The online gaming service OnLive has sold all of its assets to a newly formed company operating under the same name, while it goes through a major corporate restructuring.
In a statement, the California-based OnLive said its service will “continue without interruption.”
This move, referred to as an Assignment for the Benefit of Creditors, is one of the options open to US companies in order to avoid bankruptcy.
The transfer includes the OnLive game and desktop services, all OnLive devices and apps, as well as all of OnLive’s gaming partnerships.
“Users are not expected to notice any change whatsoever,” added the statement. “All of their purchases remain intact and available.”
According to its own figures, OnLive has an “active base of over 1.5 million subscribers,” with more than 2.5 million subscribers in total.
The service, which operates in the US, UK and Belgium, enables users to rent or buy from a catalogue of several hundred console games that can be played on various internet-connected devices and its own hardware.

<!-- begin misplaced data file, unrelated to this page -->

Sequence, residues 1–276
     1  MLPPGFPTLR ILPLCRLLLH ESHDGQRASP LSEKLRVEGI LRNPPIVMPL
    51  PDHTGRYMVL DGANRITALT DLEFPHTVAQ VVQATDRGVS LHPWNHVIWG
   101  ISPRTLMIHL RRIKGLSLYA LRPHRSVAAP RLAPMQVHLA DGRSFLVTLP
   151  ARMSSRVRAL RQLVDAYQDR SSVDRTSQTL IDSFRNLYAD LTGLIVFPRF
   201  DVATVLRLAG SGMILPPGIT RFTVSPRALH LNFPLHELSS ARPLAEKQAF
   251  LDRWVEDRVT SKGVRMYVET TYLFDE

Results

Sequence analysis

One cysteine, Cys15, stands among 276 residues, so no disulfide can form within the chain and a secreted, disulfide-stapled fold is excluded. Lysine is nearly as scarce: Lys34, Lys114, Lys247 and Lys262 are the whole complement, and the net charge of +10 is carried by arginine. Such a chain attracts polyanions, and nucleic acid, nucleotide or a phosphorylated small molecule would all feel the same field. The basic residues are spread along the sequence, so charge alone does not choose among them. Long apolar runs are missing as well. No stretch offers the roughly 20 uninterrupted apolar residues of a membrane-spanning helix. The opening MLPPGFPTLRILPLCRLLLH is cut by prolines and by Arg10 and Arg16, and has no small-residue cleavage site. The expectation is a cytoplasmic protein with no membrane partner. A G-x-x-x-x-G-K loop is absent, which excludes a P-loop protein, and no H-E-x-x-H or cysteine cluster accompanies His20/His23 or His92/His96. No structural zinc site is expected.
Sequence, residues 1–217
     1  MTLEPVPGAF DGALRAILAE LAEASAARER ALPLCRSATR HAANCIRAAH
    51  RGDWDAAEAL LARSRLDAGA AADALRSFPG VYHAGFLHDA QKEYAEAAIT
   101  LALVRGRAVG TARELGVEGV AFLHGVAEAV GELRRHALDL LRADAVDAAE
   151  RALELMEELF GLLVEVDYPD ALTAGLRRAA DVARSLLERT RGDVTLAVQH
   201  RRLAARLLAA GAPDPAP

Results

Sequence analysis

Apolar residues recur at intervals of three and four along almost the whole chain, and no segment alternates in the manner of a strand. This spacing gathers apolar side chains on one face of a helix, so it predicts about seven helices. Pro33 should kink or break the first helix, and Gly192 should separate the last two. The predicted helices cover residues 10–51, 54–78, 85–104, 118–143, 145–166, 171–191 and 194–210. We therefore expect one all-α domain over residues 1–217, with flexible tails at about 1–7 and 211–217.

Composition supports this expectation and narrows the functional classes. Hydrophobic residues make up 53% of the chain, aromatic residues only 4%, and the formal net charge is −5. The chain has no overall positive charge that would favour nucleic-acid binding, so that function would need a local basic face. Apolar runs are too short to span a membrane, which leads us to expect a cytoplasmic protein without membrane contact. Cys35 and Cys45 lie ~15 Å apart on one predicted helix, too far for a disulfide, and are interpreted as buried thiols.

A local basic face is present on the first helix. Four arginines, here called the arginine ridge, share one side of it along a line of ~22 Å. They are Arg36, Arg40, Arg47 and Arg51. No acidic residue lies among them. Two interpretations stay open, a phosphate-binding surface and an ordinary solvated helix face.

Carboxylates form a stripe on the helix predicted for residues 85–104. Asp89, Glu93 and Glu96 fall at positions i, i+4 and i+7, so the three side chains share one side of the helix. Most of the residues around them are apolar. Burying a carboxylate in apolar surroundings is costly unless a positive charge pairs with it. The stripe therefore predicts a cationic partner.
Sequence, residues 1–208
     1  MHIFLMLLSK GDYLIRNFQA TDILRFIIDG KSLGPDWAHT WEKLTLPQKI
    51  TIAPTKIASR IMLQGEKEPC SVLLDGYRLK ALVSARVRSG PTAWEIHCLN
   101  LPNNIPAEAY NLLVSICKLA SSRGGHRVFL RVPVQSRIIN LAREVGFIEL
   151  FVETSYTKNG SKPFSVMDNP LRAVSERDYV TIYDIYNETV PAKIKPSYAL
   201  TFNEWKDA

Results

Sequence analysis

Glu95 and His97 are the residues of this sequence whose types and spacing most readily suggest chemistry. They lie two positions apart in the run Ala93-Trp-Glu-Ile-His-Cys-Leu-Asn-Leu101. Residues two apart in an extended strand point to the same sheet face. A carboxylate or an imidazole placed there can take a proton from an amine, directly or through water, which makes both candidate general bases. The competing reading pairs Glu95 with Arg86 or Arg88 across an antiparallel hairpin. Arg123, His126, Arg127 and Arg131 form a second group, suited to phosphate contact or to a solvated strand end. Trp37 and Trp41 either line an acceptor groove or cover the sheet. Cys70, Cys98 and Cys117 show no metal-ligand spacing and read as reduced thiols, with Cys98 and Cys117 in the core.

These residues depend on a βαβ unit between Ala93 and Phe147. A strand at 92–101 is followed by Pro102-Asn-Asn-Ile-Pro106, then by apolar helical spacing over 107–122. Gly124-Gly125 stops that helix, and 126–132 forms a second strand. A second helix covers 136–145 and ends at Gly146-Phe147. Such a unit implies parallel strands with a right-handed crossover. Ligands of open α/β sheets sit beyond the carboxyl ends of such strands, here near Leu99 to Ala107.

The assets were transferred on August 17. However, in a controversial decision, the company’s employees, said to number more than 150 people, were reportedly fired in an all-staff meeting.
The company said that with new investment, it plans new products and services in the coming weeks and months, and that a large percentage of employees will be re-hired.
“Almost half of OnLive’s staff were offered employment at their current salaries in the new company immediately upon the transfer,” said the statement, “and the non-hired staff will be given offers to do consulting in return for options in the new company. Upon closing additional funding, the company plans to hire more staff, both former OnLive employees as well as new employees.”
OnLive launched in 2010. Its service recently expanded to include an app for Google TV and some LG products. “We expect this growth to continue under the new company,” said OnLive.
It also recently announced a partnership with OUYA, the upcoming Android-based games console that became a big hit on the crowd-funding site Kickstarter.
HTC was one of OnLive’s investors, having ploughed a reported $40m into the company, which it probably won’t get back, seeing as only assets rather than shares have been transferred in the August 17 transaction.
Via The Verge